Battered and bloodied
With Pandigai all set for release, Krishna shares that he took more than one punch to his face while shooting for the film
A career as a star kid is never too easy. For Krishna, who came into the industry as a child artist in Anjali and Iruvar, the going has been hard, but he sees the silver lining: "There’s no pressure on me to be the best."
His film with debutant director Feroz, Pandigai, is about underground street-fighting, and is up for release. For such a subject, you'd imagine there would have been rigorous training, but Krishna surprises me: "There wasn’t much preparation at all. As Taylor Swift's song goes, 'There are no rules', and that's what the film's about. The stunt choreographers have done extremely well to help us get the fight scenes right."
The actor had to put on weight for the role. "I needed to have a medium build, and not look too young. The story demands that I play a man who gets dragged into underground, street fighting. So I had to put on some muscle without really looking ripped," he says.
The fight scenes weren't easy at all, as the makers, in the interest of authenticity, shot Krishna actually taking punches. "There were instances when I knew I was going to get it, and I took it anyway. Then there were accidents too. I had no guts and was s**t-scared, but I knew I had to take it. Anticipating a hit is worse than taking it. But instead of taking 10 soft shots with many retakes, I thought I might as well take one strong punch."
On working with Feroz, the director of Pandigai and the husband of actress Vijayalakshmi, the producer of the film, Krishna comments that it's hard to work with friends and family. "You can't be professional with them. So for me, considering I was friends with Feroz, it was a delicate task." He says there were times when he didn't know if they were having a professional conversation or a casual one. "But working with friends also makes life easier. I've known Feroz for eight years, even before his assistant director days. We've been family friends from the when he was dating Vijayalakshmi," he says.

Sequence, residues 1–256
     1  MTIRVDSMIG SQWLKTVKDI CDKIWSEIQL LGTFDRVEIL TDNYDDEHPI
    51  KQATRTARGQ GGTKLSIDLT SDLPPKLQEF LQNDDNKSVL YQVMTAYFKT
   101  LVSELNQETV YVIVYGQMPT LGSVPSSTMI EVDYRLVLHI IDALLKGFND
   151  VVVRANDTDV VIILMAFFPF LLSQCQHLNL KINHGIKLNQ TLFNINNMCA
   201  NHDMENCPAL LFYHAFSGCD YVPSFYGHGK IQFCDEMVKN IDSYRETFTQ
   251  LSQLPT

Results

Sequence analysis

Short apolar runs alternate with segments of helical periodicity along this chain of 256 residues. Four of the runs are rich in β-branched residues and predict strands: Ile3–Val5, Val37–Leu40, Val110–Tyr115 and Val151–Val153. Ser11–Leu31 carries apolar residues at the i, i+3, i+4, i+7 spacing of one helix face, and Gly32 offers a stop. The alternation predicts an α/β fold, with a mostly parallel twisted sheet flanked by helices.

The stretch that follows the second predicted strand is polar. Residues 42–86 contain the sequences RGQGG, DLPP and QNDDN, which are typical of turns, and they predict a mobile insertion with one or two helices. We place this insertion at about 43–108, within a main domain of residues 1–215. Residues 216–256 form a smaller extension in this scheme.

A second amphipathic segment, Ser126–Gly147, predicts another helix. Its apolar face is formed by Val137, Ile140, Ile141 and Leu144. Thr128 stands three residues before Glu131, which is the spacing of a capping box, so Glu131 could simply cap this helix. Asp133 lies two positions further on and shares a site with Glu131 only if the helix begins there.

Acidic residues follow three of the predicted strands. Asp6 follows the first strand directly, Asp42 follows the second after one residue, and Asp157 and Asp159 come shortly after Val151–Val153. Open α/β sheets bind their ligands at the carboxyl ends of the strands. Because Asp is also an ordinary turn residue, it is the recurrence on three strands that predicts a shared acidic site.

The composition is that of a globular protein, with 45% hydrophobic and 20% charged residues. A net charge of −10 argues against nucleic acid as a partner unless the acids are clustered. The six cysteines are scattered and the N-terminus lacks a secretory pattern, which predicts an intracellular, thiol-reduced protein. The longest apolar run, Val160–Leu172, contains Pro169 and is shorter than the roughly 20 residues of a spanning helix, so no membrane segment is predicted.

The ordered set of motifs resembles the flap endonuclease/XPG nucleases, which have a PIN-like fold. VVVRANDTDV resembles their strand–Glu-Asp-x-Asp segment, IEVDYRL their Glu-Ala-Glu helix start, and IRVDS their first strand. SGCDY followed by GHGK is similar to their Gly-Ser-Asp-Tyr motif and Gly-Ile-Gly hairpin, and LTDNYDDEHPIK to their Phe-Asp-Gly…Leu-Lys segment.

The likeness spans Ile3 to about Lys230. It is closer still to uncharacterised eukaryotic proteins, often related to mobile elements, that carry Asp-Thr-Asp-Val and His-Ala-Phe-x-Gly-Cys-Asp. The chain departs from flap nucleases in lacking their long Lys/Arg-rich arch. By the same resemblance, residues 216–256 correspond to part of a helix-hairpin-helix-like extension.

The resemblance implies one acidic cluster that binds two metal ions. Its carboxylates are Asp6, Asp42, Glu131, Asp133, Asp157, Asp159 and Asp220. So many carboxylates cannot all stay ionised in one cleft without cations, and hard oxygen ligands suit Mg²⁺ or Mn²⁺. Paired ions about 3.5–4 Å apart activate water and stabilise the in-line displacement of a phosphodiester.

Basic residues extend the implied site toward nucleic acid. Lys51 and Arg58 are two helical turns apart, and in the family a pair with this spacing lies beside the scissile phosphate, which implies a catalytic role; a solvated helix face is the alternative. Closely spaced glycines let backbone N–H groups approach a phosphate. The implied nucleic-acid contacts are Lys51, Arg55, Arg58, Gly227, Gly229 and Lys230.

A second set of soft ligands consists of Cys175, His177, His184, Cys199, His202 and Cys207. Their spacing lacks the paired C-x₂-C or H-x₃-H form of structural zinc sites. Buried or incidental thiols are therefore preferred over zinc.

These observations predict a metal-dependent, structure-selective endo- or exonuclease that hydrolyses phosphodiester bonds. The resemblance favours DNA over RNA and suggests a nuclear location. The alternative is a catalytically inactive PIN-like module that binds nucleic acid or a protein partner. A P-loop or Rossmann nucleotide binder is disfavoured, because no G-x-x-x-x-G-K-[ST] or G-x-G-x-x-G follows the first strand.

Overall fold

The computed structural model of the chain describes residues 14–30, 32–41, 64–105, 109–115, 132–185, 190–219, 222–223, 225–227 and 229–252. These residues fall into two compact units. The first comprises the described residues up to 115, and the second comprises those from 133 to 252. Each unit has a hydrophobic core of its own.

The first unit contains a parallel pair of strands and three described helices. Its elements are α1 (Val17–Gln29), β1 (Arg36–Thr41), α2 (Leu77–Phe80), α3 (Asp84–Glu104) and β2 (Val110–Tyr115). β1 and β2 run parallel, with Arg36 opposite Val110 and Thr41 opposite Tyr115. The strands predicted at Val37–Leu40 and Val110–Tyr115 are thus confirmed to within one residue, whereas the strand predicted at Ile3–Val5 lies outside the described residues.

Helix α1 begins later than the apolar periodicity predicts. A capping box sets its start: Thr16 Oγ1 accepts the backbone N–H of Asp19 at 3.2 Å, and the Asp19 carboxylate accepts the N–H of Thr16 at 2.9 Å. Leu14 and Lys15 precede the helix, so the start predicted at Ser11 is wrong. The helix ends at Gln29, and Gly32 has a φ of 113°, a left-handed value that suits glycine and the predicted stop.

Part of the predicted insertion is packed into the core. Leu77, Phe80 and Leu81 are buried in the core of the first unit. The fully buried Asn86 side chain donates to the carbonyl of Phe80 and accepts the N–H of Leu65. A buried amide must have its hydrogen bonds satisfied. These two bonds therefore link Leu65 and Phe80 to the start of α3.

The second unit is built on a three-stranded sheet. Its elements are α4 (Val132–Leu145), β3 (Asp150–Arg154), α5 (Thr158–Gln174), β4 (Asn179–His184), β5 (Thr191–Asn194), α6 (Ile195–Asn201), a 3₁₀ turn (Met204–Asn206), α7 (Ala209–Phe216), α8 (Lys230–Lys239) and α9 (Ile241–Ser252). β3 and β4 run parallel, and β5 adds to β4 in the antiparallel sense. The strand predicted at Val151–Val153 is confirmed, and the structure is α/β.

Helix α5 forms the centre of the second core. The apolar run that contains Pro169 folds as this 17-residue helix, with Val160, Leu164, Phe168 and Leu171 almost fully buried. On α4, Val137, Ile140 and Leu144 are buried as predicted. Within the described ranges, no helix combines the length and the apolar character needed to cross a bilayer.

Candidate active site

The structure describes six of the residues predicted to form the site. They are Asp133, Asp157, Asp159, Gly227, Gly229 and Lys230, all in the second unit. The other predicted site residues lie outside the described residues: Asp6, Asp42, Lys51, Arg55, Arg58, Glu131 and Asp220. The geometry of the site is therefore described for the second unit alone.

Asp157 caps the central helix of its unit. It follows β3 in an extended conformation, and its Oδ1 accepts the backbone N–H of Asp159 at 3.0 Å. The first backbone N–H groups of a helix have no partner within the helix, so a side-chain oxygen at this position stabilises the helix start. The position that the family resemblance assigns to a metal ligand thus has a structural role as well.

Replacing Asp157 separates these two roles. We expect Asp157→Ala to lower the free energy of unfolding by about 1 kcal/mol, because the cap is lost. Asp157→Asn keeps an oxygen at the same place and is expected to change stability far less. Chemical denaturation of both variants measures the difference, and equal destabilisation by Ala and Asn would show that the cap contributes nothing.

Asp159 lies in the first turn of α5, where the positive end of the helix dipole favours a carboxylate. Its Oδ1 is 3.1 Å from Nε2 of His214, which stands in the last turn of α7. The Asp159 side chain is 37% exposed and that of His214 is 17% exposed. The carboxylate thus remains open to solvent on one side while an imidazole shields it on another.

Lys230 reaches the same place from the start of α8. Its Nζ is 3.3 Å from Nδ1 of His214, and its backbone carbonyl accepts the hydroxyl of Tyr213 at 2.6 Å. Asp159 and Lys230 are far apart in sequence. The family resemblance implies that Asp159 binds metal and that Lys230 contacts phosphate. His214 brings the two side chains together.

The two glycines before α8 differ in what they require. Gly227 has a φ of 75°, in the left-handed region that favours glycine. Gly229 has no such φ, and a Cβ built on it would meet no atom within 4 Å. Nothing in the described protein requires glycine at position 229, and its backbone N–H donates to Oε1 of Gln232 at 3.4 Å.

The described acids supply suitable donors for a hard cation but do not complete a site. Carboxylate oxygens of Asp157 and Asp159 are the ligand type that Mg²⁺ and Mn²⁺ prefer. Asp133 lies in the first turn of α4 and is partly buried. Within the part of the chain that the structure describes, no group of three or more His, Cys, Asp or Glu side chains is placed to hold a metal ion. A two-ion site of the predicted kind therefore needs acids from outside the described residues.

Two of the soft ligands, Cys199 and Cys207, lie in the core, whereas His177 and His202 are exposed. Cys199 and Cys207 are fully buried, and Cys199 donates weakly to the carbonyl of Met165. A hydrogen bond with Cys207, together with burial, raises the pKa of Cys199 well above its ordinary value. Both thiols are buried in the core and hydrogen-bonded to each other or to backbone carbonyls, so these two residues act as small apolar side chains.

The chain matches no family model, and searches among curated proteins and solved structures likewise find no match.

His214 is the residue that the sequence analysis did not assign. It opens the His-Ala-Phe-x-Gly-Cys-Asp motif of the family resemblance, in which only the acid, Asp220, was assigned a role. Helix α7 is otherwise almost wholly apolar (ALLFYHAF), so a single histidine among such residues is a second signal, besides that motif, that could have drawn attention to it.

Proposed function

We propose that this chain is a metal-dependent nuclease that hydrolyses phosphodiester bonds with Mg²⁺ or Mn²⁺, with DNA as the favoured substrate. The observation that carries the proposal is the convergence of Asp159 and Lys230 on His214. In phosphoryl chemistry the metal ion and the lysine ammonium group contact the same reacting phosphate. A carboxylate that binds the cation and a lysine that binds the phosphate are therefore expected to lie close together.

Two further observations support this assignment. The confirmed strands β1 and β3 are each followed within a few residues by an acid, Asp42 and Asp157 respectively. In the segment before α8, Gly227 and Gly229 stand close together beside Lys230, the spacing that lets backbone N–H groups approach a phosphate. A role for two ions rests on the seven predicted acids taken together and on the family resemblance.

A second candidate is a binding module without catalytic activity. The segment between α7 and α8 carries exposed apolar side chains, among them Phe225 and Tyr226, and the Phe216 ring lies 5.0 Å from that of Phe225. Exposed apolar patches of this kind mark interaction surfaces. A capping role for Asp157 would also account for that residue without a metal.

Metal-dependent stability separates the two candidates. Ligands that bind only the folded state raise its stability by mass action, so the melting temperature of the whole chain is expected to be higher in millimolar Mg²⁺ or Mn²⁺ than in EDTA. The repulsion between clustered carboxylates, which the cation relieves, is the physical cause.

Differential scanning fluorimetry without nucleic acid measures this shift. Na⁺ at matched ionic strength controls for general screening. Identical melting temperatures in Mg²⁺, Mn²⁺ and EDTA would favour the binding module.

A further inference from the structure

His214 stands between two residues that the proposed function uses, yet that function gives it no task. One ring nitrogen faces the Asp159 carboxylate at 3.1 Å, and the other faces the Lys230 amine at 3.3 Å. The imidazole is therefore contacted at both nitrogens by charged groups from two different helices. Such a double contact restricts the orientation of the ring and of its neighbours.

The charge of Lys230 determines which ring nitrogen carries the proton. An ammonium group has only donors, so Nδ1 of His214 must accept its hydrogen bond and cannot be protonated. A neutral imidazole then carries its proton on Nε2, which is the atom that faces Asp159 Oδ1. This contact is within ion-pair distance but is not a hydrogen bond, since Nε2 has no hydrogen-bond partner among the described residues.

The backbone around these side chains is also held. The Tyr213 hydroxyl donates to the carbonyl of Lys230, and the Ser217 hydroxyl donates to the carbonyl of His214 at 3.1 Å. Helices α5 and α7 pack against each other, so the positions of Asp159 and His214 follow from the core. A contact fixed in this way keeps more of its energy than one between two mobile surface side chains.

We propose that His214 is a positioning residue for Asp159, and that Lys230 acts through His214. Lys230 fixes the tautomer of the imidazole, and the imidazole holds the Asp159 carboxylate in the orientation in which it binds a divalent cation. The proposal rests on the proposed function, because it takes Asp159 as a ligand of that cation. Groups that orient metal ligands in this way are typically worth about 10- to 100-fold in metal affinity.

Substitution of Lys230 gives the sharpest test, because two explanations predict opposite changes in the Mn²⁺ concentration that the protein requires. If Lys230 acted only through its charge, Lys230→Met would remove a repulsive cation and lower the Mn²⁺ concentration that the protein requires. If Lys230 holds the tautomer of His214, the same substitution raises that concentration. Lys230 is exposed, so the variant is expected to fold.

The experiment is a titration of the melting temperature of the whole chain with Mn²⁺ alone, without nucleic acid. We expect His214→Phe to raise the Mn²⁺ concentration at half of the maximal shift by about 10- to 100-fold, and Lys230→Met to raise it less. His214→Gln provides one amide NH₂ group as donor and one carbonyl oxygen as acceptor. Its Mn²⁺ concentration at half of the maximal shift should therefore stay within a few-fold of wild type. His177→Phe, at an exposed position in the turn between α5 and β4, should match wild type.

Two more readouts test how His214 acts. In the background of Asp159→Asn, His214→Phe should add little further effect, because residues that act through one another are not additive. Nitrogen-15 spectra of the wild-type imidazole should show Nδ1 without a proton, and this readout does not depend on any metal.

The conversation veers to some of his previous films. He is very vocal about the misses. "I started with lows. My first two films (Alibhabha and Kattradhu Kalavu) were disasters. That's the lowest I could've gone. The next two (Kazhugu and Yaamirukka Bayamey) were blockbusters. If you know how to cry, you should know how to laugh as well," he philosophises. After all these films, there's one thing he's clear about: That he doesn't know what works with the audience. "What I thought would do well, didn't. I didn't think Yaamirukka Bayamey would click. I had fun while filming it and loved the screenplay. But when dubbing for it, I was not at all excited. But we know how it turned out."
In his fairly nascent career, he has managed to work across genres. "I don't go looking for scripts, and look to pick the best of what comes to me. After Kazhugu, I was getting a number of performance-oriented roles. The audience had accepted me as an actor. And similarly, after Yaamirukka Bayamey and Vanavarayan Vallavarayan, I got a number of horror comedies and rural films. Despite that, I try to bring variety."
Krishna is more than comfortable with multi-starrers. "Every actor should be. I feel that when a film works, the actor works. It's never the other way around. When I get a multi-starer, I try to see if the story works for me. If it does, I don't mind being a part of it. Of my forthcoming releases, three are solo hero subjects, while two are multi-starrers."
His next project, Grahanam, is a film in which he only appears for 20 minutes. "The film's total length is 1 hour and 40 minutes. Five stories are narrated in it, each revolving around a 2-minute eclipse. The stories are interconnected, and the characters don’t ever meet."
His other projects scheduled for release are Kalari, which he has just completed; Veera, which is in post-production; and Vizhithiru. He's starting a thriller film in September with a new director, and has also promised a surprise announcement on a big project by the end of July.